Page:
CPAP (continuous positive airway pressure) can be a life-saving treatment, if people use it. However, CPAP comes with many side effects that make it unpleasant to use. This makes people sleep without CPAP, choosing untreated sleep apnea over their treatment.
Understanding these side effects can help you understand how to deal with them and when to seek CPAP alternatives in Denver.
Gassiness is one unpleasant side effect of CPAP that many people struggle with. Here’s what causes it, and some tricks that might help you avoid it. However, if gassy feelings are making you skip using your CPAP, talk to Denver sleep dentist Dr. Kevin Berry today. You might benefit from a CPAP alternative like oral appliance therapy.
Why CPAP Makes You Gassy
CPAP works by forcing air down your throat. This air pressure keeps your airway open so it doesn’t collapse. Meanwhile, it forces air into your lungs, so that even if your brain isn’t breathing, your body is still getting air. This is why most doctors prescribe CPAP in Denver, even though it has side effects.
However, when air is being forced down your throat, it might not all go into your lungs. Instead, a significant amount of the air can go into your stomach. This is called “aerophagia,” which means “air-eating” or “air-swallowing.” It affects about half of all CPAP users.
The air that accumulates in your stomach overnight can make you gassy, which leads to:
You might experience symptoms in the morning, or they could cause you to wake up at night. Symptoms might pass fairly quickly, or they could last for hours as the air continues to pass through your system.
This and other side effects make many people stop using CPAP. However, you shouldn’t simply accept untreated sleep apnea in Denver.
Methods for Reducing Aerophagia
There are many potential methods for reducing the amount of air you swallow. You can potentially reduce aerophagia by:
- Improving mask fit
- Trying a different mask style
- Getting treatment for GERD
- Change your sleeping position
- Upgraded to BiPAP
If these fail, you should consider switching to oral appliance therapy by talking to Denver sleep dentist Dr. Berry.
Get Your Mask Refitted
Mask fit is one of the most common barriers to getting effective, comfortable treatment with CPAP. If your mask doesn’t fit properly, you might try turning up the air pressure to see if it helps you sleep better. The higher pressure, though, could lead to more air swallowing. Getting a good mask fit can help you get better results with lower air pressure, and that leads to less air swallowing.
Try a Different Mask Style
CPAP masks come in many varieties, and if you choose the wrong one, it can make it hard to get good results. For some people, the problem with CPAP is that air pressure forces air into the stomach. Other people, though, gulp outside air when using CPAP. If you currently have a nose-only mask, try one that covers the mouth, and if you have a mask that covers the mouth, consider switching to a nose-only mask.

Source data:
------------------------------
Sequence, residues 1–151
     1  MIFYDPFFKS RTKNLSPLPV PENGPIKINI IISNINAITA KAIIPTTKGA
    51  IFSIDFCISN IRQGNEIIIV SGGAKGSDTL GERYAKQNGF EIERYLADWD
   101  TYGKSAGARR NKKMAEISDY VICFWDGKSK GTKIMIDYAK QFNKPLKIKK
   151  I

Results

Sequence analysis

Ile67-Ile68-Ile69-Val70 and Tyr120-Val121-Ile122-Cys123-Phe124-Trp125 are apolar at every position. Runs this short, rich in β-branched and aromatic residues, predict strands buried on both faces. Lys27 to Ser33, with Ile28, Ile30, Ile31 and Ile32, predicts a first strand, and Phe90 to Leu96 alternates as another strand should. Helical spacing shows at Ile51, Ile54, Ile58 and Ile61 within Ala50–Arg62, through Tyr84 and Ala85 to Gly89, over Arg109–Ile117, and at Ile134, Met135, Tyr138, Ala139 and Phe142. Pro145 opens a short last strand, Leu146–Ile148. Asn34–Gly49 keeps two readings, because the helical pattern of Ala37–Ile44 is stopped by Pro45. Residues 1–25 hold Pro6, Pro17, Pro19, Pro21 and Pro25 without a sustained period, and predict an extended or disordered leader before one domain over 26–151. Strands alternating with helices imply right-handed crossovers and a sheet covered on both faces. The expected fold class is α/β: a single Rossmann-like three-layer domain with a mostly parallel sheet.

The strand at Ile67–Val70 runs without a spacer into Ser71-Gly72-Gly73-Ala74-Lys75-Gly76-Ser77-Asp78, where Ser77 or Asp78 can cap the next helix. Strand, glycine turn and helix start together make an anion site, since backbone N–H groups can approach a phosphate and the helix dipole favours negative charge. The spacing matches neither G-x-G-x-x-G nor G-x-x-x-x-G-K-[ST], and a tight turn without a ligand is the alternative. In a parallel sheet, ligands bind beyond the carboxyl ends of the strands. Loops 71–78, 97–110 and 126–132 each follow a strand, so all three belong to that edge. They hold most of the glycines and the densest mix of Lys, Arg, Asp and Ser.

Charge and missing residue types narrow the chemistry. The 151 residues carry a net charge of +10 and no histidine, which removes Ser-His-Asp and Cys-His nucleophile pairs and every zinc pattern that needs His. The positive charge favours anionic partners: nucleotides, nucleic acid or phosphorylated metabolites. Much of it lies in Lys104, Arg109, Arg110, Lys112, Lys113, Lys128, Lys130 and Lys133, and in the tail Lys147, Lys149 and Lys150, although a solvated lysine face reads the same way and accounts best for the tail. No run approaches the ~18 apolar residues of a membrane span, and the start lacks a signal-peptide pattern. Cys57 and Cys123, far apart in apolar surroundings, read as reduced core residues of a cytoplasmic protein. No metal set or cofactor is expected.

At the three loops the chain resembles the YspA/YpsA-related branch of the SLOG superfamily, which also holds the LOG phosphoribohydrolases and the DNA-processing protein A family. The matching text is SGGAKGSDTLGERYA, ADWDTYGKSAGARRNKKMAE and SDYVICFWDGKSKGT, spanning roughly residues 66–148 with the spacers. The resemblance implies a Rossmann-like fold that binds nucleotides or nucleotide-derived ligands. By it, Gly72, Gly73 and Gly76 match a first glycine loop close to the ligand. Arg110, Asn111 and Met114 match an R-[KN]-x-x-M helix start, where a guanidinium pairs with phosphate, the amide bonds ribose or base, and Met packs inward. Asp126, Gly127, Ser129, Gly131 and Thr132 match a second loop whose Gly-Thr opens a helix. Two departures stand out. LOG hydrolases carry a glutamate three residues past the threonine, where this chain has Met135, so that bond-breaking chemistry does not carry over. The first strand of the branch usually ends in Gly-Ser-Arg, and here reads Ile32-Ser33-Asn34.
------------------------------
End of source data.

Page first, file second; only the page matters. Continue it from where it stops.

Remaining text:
Treat GERD (If you Have It)
Several studies indicate that there might be a link between GERD (gastroesophageal reflux disease) and aerophagia. People with GERD are more likely to experience aerophagia. Some researchers speculate that the link is a weak esophageal sphincter (valve). The esophageal sphincter is supposed to keep acid in the stomach and air out. GERD occurs when your valve is letting acid out at night, so it makes sense that it might also be letting air in.
Some people report that getting treatment for GERD helps reduce aerophagia, but many people taking GERD medications still have aerophagia.
Sleep in a Different Position
As with snoring, aerophagia is worse when you sleep on your back. Try sleeping on your side. This might have the additional benefit of reducing your sleep apnea. If side sleeping doesn’t work, try sleeping propped up. This can narrow your esophagus, making it harder for air to push in.
Try Advanced CPAP Like BiPAP
Normal CPAP uses a continuous stream of pressurized air–it’s right there in the name! This can lead to some problems since when you exhale, you have to fight against the air pressure forcing its way in. This increases the pressure in your airway, possibly enough to push air past your esophageal sphincter.
BiPAP stands for Bi-level positive airway pressure, though it also goes by other names coined by equipment manufacturers. The principle is that it uses two levels of pressure, a higher one for when you are inhaling, and a lower pressure when you exhale. This could make it easier and more comfortable to use–and it might reduce aerophagia.
Try Oral Appliance Therapy in Denver
If gassiness is making CPAP so unpleasant that you aren’t using it, you must seek another treatment option. Unused CPAP means untreated sleep apnea, which can be deadly. If you’ve tried the strategies above–or if you’ve tried all the ones you’re willing to try–it’s time to look for a CPAP alternative.
Oral appliance therapy is a CPAP alternative that is comfortable, easy to use, highly effective, and covered by insurance. It doesn’t use air pressure, so it won’t force air into your digestive tract. No aerophagia means no gassiness.
Denver sleep dentist Dr. Kevin Berry can help you understand whether oral appliance therapy is a good fit for you. Please call (303) 691-0267 or use our online form for an appointment at the Colorado TMJ Therapy & Sleep Center in Denver, near the intersection of I-25 and Colorado Boulevard.